Wednesday, July 25, 2018

Oh yeah? So what has happened for the last ten years, exactly?

Over at the ASI, they are posting some of the winning entries of the Young Writers on Liberty. One does not want to put such keen minds off, but there are some slightly odd assertions being made: let us take, as an example, the essay titled Immigration is key to solving the productivity crisis.
Currently the UK falls significantly behind the levels of productivity in similar countries. Between 1997-2007, average productivity grew by 2.1% each year: only 0.01% behind America. But from 2007-2017, the UK has only experienced an average of 0.2% productivity growth per year, falling behind America, Germany, France and more. The financial crash of 2007 is partly to blame for a decrease in productivity, as experienced by all countries worldwide, however the UK has not recovered as well as other countries and this can be put down to poor policies which do little to boost our productivity.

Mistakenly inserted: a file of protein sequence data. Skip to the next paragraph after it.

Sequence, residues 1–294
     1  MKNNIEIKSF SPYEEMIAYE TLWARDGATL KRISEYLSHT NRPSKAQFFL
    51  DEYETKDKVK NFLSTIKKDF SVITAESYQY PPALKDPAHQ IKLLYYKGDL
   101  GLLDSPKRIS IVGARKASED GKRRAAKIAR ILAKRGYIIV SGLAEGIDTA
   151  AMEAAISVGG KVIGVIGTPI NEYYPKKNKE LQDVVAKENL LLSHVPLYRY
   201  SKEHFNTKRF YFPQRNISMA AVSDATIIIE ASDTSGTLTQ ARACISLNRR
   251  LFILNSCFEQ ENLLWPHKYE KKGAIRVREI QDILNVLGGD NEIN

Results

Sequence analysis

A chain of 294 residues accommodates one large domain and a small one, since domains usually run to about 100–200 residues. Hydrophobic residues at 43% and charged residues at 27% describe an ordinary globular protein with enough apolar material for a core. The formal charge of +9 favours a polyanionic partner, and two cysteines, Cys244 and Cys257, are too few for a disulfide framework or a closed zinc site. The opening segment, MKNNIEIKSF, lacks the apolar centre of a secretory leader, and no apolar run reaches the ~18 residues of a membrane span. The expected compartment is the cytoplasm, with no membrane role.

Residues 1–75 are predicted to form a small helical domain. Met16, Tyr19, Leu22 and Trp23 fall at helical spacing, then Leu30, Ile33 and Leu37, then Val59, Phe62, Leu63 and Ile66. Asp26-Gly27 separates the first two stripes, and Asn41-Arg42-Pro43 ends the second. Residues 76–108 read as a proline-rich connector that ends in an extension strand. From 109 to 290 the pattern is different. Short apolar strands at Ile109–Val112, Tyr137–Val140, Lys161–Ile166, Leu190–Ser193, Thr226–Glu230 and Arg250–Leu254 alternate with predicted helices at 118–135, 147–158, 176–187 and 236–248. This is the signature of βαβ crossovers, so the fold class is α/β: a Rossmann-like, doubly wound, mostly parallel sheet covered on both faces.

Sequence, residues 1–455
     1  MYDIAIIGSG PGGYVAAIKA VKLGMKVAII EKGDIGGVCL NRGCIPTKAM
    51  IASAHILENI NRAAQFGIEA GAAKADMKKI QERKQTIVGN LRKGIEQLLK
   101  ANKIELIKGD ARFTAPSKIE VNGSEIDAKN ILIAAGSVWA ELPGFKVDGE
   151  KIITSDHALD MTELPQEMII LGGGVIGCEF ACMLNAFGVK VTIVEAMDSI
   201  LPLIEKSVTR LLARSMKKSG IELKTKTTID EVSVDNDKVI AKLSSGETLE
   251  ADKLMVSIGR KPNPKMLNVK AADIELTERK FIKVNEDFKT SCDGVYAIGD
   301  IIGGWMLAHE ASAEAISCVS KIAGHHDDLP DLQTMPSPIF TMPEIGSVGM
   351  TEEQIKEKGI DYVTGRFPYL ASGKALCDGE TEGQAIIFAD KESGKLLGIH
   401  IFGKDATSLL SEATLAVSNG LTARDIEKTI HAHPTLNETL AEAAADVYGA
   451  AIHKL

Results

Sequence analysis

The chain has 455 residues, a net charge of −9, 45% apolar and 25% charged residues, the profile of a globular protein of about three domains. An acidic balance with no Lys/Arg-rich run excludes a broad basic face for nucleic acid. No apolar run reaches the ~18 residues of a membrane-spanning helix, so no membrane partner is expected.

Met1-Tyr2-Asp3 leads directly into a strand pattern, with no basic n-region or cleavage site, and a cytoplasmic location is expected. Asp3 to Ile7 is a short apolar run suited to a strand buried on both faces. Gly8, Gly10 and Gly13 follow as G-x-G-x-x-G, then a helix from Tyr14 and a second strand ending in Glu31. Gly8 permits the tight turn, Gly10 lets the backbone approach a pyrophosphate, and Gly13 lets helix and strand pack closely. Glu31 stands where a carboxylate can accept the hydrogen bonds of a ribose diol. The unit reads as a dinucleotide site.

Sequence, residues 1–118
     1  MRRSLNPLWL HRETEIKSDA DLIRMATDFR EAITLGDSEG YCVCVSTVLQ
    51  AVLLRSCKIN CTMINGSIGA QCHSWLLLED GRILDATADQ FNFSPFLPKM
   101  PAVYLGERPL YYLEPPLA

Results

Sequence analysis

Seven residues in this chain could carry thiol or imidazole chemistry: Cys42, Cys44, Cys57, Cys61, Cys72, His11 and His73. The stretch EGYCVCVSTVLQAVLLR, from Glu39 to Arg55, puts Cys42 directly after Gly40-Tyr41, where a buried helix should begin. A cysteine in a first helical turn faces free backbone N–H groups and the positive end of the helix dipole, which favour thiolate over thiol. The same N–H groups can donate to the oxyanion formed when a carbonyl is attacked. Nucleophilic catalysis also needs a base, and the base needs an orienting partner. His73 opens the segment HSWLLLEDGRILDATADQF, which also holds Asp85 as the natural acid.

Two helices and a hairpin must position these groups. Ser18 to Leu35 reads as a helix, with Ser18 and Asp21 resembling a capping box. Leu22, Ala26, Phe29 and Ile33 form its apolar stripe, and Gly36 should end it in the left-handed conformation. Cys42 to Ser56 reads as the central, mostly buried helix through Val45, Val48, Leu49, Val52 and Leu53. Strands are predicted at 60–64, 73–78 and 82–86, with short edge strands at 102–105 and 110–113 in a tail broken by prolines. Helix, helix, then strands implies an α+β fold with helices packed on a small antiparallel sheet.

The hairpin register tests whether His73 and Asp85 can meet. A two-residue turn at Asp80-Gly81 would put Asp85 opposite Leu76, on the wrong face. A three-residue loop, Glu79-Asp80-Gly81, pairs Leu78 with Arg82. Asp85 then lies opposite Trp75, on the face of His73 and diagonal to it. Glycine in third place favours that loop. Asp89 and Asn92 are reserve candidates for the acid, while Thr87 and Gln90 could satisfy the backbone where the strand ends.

Well, there is very little to disagree with here—our governments have been spectacularly rubbish, for sure.
Immigration is a key policy area which will need to be addressed to increase productivity.
Oh, rilly? Colour me sceptical...
Many overlook the advantages of skilled migrant workers in an economy as it is argued that they “steal jobs” from UK citizens. It is also claimed that migrants are a burden on our economy and welfare system. In reality, migrants do not crowd out employment (the so-called 'lump of labour' fallacy) and many take up lower-skilled jobs that UK citizens do not want to carry out.
OK, so we have a definition problem here: skilled migrants, by definition, do not take-up "lower-skilled jobs"—and I don't think that you'll find many people objecting to skilled migrants. But, as pointed out by Alex Noble at the Continental Telegraph, we need to define our terms and understand what we want.
So far so good—we need a supply of skilled migrants for the foreseeable future. Hopefully we can all agree on that.

Do we need unskilled migrants?

Because when people with no skills come to the UK, we suffer and so do they. They are either forced into crime, fall into modern slavery, or find themselves exploited working on the black market.
To return to the ASI article, the conclusion is wrapped up as follows:
Therefore it is clear that migrant workers are a vital part of our economy.
[...]